Dynamic Behaviors and Strategies of Natural Killer Cell Chemotaxis towards Distinct Cancer Targets

Project: Research project

Project Details


Cell motility plays a crucial role in diverse physiological and pathological processes. Most biophysical and statistical studies of cell motility examine the migration of bacteria and epithelial cells, and we know much less about the quantitative principles underlying immune cell motion. In this proposed project, we aim to elucidate the dynamic control over the chemotactic motion of an important immune cell type, Natural Killer (NK) cells. NK cells are cytotoxic lymphocytes that detect and eliminate virus-infected cells and cancer cells. The strong cytotoxicity of NK cells against cancer targets render NK cells promising therapeutic candidate for cancer treatment. However, despite data showing directed NK cell migration towards the cancer targets is the rate-limiting step of NK- tumor cell interaction in vivo, our quantitative and mechanistic understanding of this critical motility process is very limited.

We have previously developed single-cell microscopy assays to measure the real-time dynamics of NK-cancer cell interactions, and employed machine learning-assisted single cell tracking to quantify the target-directed NK cell motion. We found NK cell polarization played an important role in regulating its migration and such polarization- modulated motility varied significantly in response to different target cell types, likely due to variable target secretion of chemotactic cytokines/chemokines. Building on these novel observations, in this project we will expand the measurements to obtain large NK cell motility datasets under a variety of NK-target cell interaction conditions, and then construct a mathematical model for NK cell chemotaxis based on the in-house experimental data. Computational analysis will be performed to explore the model behaviors, in particular the NK cell response to environmental cues in relation to their nonrandom motility. The key and previously unresolved questions that our study will address include: (1) how the polarization-modulated NK cell chemotactic motion quantitatively depends on the target cells, particularly via the differential cytokine/chemokine microenvironment; (2) how chemotaxis depends on NK cell population density (i.e., collective group behavior); and (3) what quantitative features of the chemotactic signaling can be inferred from the differential NK cell migration dynamics.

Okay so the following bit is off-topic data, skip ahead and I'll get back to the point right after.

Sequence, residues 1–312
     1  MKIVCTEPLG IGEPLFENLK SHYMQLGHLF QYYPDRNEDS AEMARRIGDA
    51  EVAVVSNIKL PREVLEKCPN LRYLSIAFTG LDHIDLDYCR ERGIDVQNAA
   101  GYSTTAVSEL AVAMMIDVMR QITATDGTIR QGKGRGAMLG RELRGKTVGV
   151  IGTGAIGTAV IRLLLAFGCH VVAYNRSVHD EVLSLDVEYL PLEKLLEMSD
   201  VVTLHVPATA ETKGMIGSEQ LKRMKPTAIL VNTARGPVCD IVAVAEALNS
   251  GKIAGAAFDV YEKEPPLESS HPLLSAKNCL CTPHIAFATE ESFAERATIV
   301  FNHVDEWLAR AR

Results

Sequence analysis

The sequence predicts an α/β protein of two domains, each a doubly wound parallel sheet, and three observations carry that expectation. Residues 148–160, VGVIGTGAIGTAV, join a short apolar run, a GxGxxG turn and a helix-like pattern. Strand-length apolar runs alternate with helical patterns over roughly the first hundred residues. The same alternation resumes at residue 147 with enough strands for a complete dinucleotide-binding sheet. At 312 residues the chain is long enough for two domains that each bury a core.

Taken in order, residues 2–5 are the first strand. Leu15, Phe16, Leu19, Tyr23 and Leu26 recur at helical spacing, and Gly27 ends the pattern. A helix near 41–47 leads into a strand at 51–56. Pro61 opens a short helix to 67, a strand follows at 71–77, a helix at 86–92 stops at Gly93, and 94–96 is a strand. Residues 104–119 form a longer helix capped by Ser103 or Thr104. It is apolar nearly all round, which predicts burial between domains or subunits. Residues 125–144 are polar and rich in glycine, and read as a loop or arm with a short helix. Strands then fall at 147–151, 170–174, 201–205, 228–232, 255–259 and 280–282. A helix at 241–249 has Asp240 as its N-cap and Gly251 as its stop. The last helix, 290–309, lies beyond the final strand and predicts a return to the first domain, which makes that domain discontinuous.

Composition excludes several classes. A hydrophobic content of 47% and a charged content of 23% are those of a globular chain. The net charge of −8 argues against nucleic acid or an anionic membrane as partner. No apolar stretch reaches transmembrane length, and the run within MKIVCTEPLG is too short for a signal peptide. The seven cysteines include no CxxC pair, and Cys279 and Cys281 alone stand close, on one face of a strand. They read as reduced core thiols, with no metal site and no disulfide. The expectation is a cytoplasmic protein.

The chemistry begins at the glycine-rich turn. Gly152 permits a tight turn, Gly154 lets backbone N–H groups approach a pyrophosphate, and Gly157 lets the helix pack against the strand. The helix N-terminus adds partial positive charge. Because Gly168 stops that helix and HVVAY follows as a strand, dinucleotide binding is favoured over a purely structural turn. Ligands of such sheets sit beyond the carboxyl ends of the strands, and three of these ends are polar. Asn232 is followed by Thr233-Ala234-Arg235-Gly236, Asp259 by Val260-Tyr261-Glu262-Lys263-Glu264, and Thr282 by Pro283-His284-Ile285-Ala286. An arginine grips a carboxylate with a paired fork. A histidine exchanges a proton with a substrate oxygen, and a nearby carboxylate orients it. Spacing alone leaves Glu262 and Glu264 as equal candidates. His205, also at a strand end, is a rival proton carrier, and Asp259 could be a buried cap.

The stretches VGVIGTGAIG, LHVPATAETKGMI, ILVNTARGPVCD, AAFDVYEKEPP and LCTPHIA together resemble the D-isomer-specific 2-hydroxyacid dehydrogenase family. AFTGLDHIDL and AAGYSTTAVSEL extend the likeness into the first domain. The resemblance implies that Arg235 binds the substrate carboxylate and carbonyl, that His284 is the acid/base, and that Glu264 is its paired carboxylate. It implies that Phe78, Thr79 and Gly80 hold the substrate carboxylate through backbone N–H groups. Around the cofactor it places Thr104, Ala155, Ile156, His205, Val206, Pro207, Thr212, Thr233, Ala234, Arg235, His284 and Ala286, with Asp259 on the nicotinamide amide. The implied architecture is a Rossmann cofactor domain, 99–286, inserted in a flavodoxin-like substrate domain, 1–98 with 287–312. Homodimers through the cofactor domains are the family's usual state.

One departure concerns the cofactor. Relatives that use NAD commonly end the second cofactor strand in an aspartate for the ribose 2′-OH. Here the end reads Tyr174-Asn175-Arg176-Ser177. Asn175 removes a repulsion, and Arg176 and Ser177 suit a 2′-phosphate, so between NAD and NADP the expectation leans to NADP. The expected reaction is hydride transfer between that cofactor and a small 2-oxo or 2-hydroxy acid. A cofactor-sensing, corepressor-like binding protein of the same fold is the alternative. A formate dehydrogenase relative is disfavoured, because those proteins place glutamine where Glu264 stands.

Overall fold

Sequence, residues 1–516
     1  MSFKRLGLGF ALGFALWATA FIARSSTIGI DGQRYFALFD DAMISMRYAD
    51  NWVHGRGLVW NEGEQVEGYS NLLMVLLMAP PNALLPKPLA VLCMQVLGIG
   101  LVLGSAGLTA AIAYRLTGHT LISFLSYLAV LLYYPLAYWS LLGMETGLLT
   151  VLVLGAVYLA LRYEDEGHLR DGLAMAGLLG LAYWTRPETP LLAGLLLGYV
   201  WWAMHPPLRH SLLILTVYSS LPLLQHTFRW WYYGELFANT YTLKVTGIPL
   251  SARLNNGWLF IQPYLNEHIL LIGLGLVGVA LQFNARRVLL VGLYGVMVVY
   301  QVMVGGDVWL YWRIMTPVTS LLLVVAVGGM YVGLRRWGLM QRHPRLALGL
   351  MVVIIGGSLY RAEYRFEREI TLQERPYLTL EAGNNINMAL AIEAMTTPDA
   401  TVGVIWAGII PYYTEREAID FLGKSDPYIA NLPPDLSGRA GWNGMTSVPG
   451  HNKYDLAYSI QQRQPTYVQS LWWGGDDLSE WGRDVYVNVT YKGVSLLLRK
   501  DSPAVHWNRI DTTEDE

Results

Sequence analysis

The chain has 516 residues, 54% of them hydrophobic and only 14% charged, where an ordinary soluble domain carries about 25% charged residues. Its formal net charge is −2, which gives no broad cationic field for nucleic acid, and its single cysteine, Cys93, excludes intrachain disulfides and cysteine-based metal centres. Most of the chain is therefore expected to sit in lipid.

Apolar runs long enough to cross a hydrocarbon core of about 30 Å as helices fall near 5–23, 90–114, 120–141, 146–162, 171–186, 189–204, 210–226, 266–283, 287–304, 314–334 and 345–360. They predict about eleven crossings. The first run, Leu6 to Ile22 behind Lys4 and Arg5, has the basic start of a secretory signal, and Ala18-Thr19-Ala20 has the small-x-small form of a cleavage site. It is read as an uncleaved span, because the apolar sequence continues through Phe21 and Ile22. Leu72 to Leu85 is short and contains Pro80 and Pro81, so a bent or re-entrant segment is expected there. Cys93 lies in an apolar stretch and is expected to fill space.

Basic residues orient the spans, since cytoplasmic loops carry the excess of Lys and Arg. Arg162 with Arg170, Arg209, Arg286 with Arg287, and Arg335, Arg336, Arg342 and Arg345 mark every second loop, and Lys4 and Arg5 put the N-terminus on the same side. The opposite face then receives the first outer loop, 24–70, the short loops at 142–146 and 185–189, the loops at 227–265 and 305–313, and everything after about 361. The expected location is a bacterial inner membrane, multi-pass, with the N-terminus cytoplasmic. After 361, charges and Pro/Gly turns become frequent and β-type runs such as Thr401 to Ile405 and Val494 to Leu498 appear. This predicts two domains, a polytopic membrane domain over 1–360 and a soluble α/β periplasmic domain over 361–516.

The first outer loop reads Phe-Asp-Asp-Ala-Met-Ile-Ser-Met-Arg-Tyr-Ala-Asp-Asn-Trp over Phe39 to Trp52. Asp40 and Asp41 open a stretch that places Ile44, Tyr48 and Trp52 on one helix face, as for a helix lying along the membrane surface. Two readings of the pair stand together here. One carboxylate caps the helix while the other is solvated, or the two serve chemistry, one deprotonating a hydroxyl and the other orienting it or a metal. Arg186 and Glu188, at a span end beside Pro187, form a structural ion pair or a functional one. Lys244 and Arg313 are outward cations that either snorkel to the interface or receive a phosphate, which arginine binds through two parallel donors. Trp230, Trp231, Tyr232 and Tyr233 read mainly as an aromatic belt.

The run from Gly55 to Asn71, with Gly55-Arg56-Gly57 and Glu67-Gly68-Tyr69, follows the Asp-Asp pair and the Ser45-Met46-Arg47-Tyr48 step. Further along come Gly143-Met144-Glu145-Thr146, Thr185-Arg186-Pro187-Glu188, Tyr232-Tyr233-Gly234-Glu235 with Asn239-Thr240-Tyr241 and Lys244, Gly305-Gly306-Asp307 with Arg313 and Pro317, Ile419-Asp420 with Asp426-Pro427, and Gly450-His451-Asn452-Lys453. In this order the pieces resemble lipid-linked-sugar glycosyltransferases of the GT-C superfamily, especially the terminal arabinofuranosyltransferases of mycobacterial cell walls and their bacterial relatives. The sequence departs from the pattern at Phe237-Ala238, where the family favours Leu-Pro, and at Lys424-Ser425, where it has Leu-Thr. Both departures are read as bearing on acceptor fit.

Overall, the wealth of data generated through targeted experiments in this project will enable us to propose and quantitatively evaluate the critical search strategies employed by NK cells to detect and migrate towards abnormal cell targets. The integrated approach that we adopt is highly novel and will also serve as a protocol for elucidating the chemotactic dynamics of other important immune cell types, e.g., T cells.
Effective start/end date1/01/2231/12/24


Explore the research topics touched on by this project. These labels are generated based on the underlying awards/grants. Together they form a unique fingerprint.